Kancera provides operational update on the ROR and Fractalkine projects


In connection with a meeting arranged by the Swedish Shareholders’ Association in Malmö on September 30, Kancera provides an operational update on the ROR and Fractalkine projects.

In the ROR project, follow-up studies of the pharmaceutical properties of KAN0439834 show that they probably are better than previously assumed with respect to uptake and penetration of the substance to the cancer. The new studies indicate that dosing 2-3 times a day at 65-300 mg gives a concentration in the body that may be sufficient to exert an effect on solid tumors. However, the effect of KAN0439834 on solid tumors cannot be demonstrated in mice since the substance is metabolized too quickly in that species. Therefore, KAN0439834 and related substances will be tested against human solid tumors in an established zebra fish model for tumor growth and metastasis. This will allow effect studies of the ROR inhibitors at concentrations that are expected to be achievable in humans.

Further, the effects of KAN0439834 and three new drugs have been evaluated in tumor cells isolated from blood, lymph and bone marrow from nine patients. The background to this study is that new drugs such as Ibrutinib and Idelalisib give effect in 70-80% of patients with chronic lymphocytic leukemia (CLL). However, a so-called complete remission (the disappearance of symptoms) has only been reached in limited number of these patients. The lack of effect is particularly evident in the bone marrow. Since complete remission in cancer is generally linked to a longer survival, there is a need for drugs that work in a new way. Kancera has previously shown that the candidate drug KAN0439834 effectively kills patient CLL cells from blood and lymph in the laboratory and also in animal studies of the human disease. The present study, conducted by Prof. Håkan Mellstedt’s team at the Karolinska Institute, shows that Kancera’s ROR inhibitors are also effective in killing CLL cells from bone marrow which is a capacity wanted as a complement to the currently registered drugs against CLL.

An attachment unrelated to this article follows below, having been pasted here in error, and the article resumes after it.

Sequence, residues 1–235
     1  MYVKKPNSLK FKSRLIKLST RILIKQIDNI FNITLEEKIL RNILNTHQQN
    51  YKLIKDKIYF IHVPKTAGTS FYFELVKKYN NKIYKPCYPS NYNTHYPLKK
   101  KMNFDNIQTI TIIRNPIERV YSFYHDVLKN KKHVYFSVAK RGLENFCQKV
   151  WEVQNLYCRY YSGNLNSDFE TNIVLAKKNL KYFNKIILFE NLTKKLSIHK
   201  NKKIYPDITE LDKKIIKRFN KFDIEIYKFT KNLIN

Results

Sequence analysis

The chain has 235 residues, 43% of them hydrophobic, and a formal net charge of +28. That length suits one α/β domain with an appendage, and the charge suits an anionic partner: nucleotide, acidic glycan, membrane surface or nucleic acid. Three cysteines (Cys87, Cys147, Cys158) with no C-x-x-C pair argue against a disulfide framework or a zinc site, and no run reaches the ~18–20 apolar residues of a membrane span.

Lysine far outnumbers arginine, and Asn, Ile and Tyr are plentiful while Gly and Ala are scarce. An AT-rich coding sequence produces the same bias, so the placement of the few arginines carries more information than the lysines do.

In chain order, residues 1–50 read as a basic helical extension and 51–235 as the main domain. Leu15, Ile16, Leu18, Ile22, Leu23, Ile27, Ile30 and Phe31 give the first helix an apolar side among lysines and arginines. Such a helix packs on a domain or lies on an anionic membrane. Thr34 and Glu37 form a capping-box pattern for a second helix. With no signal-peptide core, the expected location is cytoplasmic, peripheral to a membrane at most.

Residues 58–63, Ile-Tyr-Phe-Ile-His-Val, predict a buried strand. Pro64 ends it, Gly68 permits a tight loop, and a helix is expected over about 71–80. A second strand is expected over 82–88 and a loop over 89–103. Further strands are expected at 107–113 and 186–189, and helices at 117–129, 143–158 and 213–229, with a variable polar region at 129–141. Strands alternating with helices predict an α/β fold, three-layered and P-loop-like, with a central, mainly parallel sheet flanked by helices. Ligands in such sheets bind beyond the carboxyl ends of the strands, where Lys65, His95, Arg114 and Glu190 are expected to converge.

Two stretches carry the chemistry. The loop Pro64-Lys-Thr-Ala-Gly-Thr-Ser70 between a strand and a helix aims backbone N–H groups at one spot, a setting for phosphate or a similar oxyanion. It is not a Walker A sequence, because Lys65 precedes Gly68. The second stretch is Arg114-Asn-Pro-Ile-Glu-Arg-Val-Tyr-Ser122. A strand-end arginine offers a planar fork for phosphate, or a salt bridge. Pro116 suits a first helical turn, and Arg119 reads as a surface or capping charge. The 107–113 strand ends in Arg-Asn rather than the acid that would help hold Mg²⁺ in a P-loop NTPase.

In the Fractalkine project, Kancera has now established the network of leading cancer and pain scientists that in a collaborative project will evaluate the drug candidate KAN0440567 (AZD8797) in an advanced animal model closely resembling the human form of pancreatic cancer. Further, Kancera has synthesized and quality controlled the salt form of the drug candidate that will be used in the collaborative project and conducted a dosing study in mice. The results from this study support that an effective dose of the drug candidate can be achieved in mice via oral administration.

About the ROR project
ROR is a family of receptors, ROR1 and ROR2. The ROR receptors mediate signals for growth and survival. Originally ROR was linked to fetal development, but it is now known that they also contribute to cancer cell development and proliferation. Professor Håkan Mellstedt, Kancera´s co-founder and professor at the Karolinska Institute, and his colleagues have shown that Kancera´s ROR inhibitors have the ability to kill cells from tumors in pancreas, and leukemia cells. Professor Mellstedt and his colleagues as well as independent researchers have shown that ROR is also active as a target in prostate, breast, skin and lung cancer.